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What is social prescribing?


Social prescribing is the process whereby health professionals, including GPs, have the resources and infrastructure to link patients with social services – or even social groups – in a bid to address the social determinants contributing to poor health and stave off the epidemic of loneliness and social isolation. A GP, for example, may prescribe non-medical activities for patients, ranging from health and fitness programs, to movie clubs and meditation.

A recent report was released by the Royal Australian College of General Practitioners (RACGP) and the Consumer Health Forum (CHF), suggesting social prescribing should be incorporated into routine health care. Survey’s commissioned by the study indicated of the 200 plus consumers surveyed, 88% agreed that community programs and services could help their health and wellbeing. However, 57% said their GP never discussed using such services.

Illustrated outline of a woman training a dog.The RACGP President, Dr Harry Nespolon said that similar programs had been successfully implemented in the UK, Canada and Singapore.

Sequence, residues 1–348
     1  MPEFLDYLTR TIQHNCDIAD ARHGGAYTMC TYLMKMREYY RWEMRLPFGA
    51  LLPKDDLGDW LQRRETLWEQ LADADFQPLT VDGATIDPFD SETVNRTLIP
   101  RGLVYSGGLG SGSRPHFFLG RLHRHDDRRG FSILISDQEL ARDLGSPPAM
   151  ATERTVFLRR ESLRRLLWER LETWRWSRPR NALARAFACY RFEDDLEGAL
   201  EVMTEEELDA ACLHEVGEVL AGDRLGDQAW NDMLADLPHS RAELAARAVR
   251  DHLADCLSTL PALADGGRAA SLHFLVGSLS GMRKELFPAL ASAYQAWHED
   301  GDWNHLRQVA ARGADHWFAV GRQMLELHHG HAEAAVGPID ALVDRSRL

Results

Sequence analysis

“With the huge challenges we face regarding rising chronic illness, mental health issues, isolation and loneliness and the resulting costs, we urgently need to consider our approach to healthcare in Australia – social prescribing offers an innovative solution. “

This was supported by CHF CEO, Leanne Wells, who said: “This is a vital development for patients. It provides a plan to develop more effective care.

“Social prescribing can help to address the social determinants of health, such as low education and income, which can affect people’s health and wellbeing. It has become particularly important given rising rates of chronic illness, mental health issues, social isolation and loneliness, many of which cannot be treated effectively with a medical approach alone.”

Patients who had been part of a pilot program in Melbourne, expressed significant improvement in mental wellbeing, a reduction in reliance on medications and psychological counselling. One participant said she “has not looked back” after she was advised to join a chronic pain support group.

Read more on social prescribing in Australia

Social prescribing is on the rise in Australia



The Social Prescribing Roundtable Report can be viewed online here: